ie; If by testing you find IAS:TAS = 100:120, . . . does NOT mean that IAS:TAS = 50:60
The ratio between IAS:TAS varies with OutsideAirTemperature(OAT)
The ratio between IAS:TAS varies with Altitude

Therefore construct a chart at TYPICAL Alt/Temp/Cruise speeds: -

Example the Grumman "Goose"


It is real handy to have access to your TAS:IAS ratios. I use my charts all the time.
Need to know TAS to detirmine wind influence.
Need to know TAS when calculating fuel requirements for a given journey.

Pro Member First Officer
lionlicker First Officer

More comprehensive IAS:TAS charting.

These days I do not use the formula in the previous post any more when operating performance trials for IAS:TAS and other things. Instead, I edit the weather in Alt{W}{W}>>[User Weather], to be wind free -

and therefore just read the TAS straight off as the GPS(ground speed).

With no wind . . TAS = GPS ground speed.

When charting IAS:TAS, I would do the same test flight in three separate scenarios - COLD , MID TEMP, and HOT.

When setting up your User Weather you might want to choose an appropriate location and date to be consistent with your desired conditions. Choose airports with near Sea Level elevations. :Example : my choices are -
COLD : NZNV Invercargill New Zealand, Middle of Winter
MID TEMP: YPPH Perth W. Australia , Spring or Autumn
HOT: YCIN Curtin W.Australia, Middle of Summer

1) Spawn the weather model with [Weather Schemes]>>>[Clear Skies. (Clears all weather)]. Then click

2) Re-enter the weather modeller and go into [User defined weather]>>[Customize weather]>>[All weather

stations]>>[Advanced Weather]>>[Temp/Pressure]
3) Set up Temp' layers as from appropriate column in the following chart.

(Temps given in Farenheit . . format as temp:dewpoint )


4) Fly the test flight and gather the IAS:TAS figures.

Example: - Here are a set of figures I gathered for the King Air 350 with RPM about 1575, throttle

about N1=70. . . format temp_IAS:TAS


I then plotted these three lines onto a graph to make it easier to make visual interpolation when seeking a specific detirmination.


Pro Member First Officer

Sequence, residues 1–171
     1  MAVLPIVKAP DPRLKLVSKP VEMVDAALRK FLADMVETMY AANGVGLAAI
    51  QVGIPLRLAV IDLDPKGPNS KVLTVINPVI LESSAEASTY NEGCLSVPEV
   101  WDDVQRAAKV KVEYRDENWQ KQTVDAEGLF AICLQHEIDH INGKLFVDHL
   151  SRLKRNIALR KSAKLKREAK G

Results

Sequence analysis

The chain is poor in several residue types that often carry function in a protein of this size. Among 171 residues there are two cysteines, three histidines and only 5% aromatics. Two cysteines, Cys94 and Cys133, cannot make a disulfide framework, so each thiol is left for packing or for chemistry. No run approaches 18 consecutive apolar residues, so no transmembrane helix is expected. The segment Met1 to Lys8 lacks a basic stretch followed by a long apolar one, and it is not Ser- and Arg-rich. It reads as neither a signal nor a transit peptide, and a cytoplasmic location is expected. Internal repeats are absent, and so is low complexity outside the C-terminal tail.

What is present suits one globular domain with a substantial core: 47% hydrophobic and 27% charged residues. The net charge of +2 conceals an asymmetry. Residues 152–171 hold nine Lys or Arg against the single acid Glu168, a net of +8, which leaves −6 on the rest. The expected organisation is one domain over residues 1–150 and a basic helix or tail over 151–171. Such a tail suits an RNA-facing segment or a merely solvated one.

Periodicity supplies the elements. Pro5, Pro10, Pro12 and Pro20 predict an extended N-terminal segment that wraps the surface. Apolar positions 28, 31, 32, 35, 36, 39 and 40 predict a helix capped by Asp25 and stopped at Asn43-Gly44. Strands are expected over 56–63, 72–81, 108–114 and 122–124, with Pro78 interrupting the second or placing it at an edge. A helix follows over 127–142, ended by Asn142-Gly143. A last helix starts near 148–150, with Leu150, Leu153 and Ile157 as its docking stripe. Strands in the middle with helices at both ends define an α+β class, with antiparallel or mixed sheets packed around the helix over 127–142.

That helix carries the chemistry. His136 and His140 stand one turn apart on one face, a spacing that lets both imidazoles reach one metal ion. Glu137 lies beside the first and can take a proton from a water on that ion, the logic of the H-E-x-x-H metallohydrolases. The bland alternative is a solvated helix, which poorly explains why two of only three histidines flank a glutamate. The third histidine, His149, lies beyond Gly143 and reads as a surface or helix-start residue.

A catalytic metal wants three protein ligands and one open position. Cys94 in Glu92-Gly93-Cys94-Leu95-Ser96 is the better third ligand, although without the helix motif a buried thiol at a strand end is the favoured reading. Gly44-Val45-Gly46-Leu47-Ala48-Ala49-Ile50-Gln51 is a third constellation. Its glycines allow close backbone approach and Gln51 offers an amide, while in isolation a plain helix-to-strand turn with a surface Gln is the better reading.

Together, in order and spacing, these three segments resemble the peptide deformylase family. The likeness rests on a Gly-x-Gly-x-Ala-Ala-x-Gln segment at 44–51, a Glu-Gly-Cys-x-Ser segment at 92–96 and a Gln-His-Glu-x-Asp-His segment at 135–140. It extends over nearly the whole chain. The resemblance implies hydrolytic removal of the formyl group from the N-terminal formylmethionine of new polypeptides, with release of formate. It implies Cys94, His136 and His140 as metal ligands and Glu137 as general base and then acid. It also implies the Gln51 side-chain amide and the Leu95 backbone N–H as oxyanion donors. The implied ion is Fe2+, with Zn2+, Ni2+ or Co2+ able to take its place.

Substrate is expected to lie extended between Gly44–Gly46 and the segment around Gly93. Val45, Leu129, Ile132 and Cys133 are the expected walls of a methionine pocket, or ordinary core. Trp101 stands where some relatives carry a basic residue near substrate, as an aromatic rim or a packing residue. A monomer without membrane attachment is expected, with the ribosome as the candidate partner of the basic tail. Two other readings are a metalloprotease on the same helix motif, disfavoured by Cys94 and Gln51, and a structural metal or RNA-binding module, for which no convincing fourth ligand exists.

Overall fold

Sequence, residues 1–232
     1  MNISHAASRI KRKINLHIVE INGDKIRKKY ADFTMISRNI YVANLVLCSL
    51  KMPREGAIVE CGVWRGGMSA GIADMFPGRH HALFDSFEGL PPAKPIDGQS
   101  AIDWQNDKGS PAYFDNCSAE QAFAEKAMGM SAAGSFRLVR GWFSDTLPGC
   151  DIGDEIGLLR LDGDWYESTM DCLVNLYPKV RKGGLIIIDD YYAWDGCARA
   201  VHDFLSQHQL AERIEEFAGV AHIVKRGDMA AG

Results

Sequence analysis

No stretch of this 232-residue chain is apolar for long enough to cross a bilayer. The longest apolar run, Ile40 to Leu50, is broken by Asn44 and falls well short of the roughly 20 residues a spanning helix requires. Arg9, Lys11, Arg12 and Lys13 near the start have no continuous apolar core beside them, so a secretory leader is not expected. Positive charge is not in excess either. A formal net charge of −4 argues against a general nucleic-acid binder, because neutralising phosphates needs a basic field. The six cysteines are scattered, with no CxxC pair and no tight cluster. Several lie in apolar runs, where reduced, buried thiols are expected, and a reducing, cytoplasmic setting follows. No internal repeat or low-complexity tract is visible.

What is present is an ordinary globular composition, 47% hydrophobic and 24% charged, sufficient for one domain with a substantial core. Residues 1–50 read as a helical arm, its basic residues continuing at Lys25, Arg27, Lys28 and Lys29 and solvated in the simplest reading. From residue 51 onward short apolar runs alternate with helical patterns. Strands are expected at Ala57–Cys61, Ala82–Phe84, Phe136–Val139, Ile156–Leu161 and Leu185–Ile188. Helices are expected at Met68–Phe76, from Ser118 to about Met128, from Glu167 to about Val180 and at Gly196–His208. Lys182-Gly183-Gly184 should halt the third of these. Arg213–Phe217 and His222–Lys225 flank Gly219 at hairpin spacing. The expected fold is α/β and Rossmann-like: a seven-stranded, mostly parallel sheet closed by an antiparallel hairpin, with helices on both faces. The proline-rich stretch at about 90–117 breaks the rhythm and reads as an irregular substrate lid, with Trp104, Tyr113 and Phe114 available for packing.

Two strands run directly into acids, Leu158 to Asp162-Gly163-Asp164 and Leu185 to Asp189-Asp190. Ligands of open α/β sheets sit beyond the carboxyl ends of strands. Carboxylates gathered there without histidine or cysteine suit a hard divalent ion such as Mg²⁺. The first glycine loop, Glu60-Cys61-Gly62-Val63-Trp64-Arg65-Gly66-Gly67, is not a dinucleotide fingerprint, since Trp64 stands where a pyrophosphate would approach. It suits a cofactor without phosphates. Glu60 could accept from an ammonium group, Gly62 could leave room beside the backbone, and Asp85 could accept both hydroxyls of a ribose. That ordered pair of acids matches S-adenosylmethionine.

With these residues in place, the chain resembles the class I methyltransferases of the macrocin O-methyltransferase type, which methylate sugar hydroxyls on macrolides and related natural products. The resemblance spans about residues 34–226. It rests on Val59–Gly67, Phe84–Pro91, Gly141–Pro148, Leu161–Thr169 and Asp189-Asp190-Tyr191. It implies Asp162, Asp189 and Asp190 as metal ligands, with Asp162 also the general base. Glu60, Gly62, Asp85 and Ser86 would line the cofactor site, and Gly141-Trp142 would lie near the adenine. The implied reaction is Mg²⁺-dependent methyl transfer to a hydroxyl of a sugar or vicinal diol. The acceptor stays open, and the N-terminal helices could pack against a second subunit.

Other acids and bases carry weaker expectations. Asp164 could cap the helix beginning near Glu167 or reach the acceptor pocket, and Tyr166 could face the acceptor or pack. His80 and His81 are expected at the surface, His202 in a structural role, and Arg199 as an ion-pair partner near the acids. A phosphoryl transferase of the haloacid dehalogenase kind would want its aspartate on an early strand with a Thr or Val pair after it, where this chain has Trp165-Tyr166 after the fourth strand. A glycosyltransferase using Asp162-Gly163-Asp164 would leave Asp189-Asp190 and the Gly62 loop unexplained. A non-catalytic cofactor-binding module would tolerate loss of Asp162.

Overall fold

lionlicker First Officer


Sure, you can just Shift[Z] and it will tell you -- . . . but that's cheating! Banned

Seeking more realism in flight sim suggests that you do not use shift[Z] except in test flights.

Here is a method to calculate the wind vector whilst in flight.

It's accuracy is dependent upon your ability to come up with a reasonable TAS figure.

You will need a TAS... so have a IAS:TAS chart on hand. (See previous posts - how to compile one.)

This proceedure looks long and complicated - but it's not! It's very simple! ROFL

A = Ground Track (GPS)
B = Ground speed (GPS)
C = Aircraft Bearing (cockpit instruments)
D = Aircraft TrueAirSpeed (you will have to approximate one from your chart)
(If your IAS is given in mph, divide by 1.151 to convert to knots - then approximate TAS)


E = Horizontal component
E = sin(A)*B - sin(C)*D

F = Vertical component
F = cos(A)*B - cos(C)*D

G = Wind Speed
G = sqrt(E^2 + F^2)

***Important*** maintain signage of variables - variables will often be minus signed.


H = the first sine returned
H = INVsin(E/G)

I = the second sine deduced
I = 180 - H
if I>180 then I=I-360

J = the first cosine returned
J = INVcos(F/G)

K = the second cosine deduced
K = 0 - J

L = the common sine and cosine
if H=J then L=H
if H=K then L=H
if I=J then L=I
if I=K then L=I

M = wind direction from
M = L+180

Pro Member First Officer
lionlicker First Officer

Performing test flights to detirmine key characteristics and Vrefs.

When trialing FuelUsage(next post), stall speeds at 2000ft, practical ceilings, elevator trim settings for take off, rotate speeds, minimum cruise settings, emergency descent settings, engines fail glide settings, final approach configs (how far do you want to go??), . . . . it is more significant to vary the weight of the aircraft than to vary the temperature, thus you can perform all your testflights in the same User-defined weather setup if you wish.

If you are really worried about the temperature affect on performance just remember -
- in HOTTER Conditions slightly INCREASE throttle and Vrefs -
- in COLDER Conditions slightly DECREASE throttle and Vrefs.

But again I say - you might as well perform all test trails in MID TEMP conditions. (except IAS:TAS trials)
My choice would be the following: - no wind with these temperature layers (see earlier post for more details on setting up your weather.) format: tempF:dewpointF


Conduct the same testflight in these three scenarios - LIGHTEST, MIDWEIGHT, and HEAVIEST.

To me, LIGHTEST means just you (170lbs) and just enough fuel to ascend to a practical cruise level - turn around descend and land. This varies from aircraft to aircraft. Example: the Mooney Bravo = 85 lbs fuel or 15%. The Boeing747 = 19150 lbs fuel or 5%.